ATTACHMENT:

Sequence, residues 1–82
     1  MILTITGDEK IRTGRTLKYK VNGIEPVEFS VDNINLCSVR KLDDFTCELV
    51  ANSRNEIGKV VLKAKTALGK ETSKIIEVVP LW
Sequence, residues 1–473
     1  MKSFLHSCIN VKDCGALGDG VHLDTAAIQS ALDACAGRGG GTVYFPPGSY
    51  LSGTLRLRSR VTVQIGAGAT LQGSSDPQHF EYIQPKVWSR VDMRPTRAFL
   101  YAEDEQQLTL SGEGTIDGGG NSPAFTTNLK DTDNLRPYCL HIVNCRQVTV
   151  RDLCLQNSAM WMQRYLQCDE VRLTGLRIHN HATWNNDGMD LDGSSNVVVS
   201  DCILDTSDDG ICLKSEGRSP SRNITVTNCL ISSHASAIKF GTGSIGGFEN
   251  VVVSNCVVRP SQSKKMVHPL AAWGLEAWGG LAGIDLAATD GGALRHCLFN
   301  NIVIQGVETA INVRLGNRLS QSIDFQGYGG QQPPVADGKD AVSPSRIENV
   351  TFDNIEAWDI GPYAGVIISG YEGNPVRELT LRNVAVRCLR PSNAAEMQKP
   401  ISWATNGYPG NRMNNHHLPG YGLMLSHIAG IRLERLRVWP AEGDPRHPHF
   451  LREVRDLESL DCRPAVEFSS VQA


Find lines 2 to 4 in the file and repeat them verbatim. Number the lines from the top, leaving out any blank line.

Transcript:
     1  MILTITGDEK IRTGRTLKYK VNGIEPVEFS VDNINLCSVR KLDDFTCELV
    51  ANSRNEIGKV VLKAKTALGK ETSKIIEVVP LW
Sequence, residues 1–473